When Annis’s bright future had fractured so painfully, Jager had scented a bargain. Since she was too heart-driven to be a healer, he’d put her to work caring for the culls.
She wasn’t a trader, but she understood them. She met his hard stare without flinching, refused his valuation of her. “Why should I be grateful? I’m your best trade ever, Jager. A healer-trained horsegirl. Your horses have doubled in price since you set me to care for them.”
Jager laughed, hitting her with a blast of meaty breath. “Fine. I admit it. You do good work. Come help me triple my prices.”
Annis followed him to the narrow gateway, running her thumb over her wean-bracelet as she walked. She owed her kith twenty years of service: five years for her rearing and fifteen for her healer training. Five smooth beads sat warm against her wrist, one to mark each year she’d worked for Jager. For a heartbeat, her willpower sagged. Fifteen long years remained.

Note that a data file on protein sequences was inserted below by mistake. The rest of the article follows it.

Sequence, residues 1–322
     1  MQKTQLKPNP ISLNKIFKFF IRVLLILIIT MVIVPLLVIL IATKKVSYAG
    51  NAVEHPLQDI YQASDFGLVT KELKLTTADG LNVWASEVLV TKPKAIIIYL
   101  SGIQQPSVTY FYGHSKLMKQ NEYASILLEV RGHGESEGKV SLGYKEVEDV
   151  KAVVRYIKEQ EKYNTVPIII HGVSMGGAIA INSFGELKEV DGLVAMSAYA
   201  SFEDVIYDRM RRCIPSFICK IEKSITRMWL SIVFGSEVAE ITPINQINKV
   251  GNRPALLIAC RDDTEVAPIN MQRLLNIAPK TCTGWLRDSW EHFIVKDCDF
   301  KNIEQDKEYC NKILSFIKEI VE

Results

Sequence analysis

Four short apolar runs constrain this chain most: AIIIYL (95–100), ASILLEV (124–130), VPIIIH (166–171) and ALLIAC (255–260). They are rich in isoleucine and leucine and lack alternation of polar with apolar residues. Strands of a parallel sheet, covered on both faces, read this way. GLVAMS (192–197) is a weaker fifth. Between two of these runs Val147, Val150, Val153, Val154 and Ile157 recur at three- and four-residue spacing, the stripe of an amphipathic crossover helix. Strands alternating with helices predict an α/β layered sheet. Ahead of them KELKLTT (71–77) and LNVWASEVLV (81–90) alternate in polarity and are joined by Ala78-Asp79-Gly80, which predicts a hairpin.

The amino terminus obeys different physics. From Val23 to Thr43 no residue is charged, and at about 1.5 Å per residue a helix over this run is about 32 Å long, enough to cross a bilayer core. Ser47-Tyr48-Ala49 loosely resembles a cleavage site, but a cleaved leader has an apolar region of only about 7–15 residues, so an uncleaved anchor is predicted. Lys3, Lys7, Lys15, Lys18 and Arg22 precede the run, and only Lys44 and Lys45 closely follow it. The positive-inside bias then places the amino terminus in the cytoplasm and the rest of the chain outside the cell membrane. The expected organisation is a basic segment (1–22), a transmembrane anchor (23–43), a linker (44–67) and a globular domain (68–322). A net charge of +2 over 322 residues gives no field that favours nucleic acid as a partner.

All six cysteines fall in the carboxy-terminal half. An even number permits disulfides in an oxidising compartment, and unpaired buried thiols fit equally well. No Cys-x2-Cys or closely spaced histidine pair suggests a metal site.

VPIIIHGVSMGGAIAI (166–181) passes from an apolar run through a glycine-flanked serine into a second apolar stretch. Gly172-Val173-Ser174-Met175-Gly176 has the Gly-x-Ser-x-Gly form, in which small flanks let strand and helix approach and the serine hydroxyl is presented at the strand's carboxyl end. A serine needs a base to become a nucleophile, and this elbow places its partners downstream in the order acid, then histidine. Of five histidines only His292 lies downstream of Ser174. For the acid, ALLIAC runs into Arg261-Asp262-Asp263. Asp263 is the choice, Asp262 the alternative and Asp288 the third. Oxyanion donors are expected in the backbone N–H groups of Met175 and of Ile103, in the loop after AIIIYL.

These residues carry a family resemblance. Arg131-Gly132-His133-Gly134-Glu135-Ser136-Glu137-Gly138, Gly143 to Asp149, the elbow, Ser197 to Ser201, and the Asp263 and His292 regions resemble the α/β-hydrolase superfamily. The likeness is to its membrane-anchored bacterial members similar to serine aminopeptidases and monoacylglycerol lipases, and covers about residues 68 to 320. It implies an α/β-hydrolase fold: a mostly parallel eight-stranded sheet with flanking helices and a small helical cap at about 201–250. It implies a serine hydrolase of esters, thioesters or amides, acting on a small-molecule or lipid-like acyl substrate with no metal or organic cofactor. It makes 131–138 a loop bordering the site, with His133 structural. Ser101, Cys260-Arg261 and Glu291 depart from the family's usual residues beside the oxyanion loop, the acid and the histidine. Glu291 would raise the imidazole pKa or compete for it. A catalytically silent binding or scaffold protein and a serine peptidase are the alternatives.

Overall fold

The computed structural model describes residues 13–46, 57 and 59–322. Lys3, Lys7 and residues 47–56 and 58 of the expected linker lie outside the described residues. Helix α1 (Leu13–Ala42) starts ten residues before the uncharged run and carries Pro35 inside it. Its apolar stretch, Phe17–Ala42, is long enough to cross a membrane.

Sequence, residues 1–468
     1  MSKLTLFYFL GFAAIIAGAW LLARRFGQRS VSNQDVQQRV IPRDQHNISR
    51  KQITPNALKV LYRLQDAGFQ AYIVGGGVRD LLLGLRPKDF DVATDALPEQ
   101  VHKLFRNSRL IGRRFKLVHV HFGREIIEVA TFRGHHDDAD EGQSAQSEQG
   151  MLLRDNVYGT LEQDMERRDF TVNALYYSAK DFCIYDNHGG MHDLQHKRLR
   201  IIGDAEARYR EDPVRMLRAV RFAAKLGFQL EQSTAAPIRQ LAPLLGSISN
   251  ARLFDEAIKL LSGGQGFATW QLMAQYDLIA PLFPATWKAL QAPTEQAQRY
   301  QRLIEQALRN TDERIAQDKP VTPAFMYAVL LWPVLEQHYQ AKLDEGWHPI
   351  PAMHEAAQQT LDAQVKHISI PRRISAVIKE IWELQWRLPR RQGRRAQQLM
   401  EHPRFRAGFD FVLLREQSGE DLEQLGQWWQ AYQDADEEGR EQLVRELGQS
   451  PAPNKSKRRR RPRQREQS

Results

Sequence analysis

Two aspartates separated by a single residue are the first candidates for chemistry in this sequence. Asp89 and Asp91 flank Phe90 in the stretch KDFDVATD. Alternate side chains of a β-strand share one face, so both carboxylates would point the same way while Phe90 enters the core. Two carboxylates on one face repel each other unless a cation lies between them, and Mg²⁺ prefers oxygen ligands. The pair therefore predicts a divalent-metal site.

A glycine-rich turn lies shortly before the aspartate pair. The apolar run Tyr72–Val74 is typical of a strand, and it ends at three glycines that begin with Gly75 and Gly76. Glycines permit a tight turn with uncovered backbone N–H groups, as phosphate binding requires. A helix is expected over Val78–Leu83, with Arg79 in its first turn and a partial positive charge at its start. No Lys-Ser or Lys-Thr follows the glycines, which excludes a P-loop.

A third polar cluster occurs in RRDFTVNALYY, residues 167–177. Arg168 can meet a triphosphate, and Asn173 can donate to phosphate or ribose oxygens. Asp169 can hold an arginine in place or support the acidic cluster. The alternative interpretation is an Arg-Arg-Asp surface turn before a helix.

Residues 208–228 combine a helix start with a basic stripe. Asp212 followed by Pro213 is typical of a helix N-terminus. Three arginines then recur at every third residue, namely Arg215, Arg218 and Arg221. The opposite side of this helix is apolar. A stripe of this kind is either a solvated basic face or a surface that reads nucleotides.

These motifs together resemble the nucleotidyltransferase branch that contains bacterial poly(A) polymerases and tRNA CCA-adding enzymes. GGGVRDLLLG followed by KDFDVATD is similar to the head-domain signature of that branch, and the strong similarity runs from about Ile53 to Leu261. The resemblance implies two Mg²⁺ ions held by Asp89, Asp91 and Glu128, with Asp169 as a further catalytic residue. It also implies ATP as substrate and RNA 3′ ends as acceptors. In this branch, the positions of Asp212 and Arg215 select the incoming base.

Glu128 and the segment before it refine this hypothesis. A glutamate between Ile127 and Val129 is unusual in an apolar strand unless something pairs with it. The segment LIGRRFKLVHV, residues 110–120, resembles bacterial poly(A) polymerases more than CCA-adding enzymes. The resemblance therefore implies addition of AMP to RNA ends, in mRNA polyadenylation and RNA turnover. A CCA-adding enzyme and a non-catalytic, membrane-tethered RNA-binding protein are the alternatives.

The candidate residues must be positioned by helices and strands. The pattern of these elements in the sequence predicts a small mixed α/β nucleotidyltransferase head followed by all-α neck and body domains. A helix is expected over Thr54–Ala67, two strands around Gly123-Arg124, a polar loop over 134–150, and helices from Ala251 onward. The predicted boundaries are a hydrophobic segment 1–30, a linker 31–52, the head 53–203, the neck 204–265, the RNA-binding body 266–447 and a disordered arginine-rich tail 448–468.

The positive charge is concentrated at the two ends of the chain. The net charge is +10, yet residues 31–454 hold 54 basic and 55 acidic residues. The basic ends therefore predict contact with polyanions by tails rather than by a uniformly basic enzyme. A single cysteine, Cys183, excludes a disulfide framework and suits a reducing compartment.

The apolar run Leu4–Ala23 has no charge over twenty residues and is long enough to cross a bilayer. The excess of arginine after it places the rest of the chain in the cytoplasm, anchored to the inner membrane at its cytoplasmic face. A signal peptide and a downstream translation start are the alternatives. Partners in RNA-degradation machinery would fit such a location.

At the gateway, Jager laid a hand on her arm. “The stranger. If he’s a soldier like Farmer Randsen’s brother, I’ll deal with him. But if he’s a rich city pigeon, I want you to show him the culls.”
Annis stopped dead in her tracks. If the stranger could offer her horses a good home, she’d gladly show them to him, but no Kith ever ceded something for nothing. It was not their way. She thought of Jager’s swirling lifeshadow. If she dared, now would be the perfect time to bargain with him.
She turned to face him. “Why should I deal with the stranger? I’m not a trader.”
“Never, Goddess spare us.” Jager shook his head, making his braid swish against his leathers. “Your heart rules your mind, and your eyes tell more tales than a graybeard on Wintersnight.”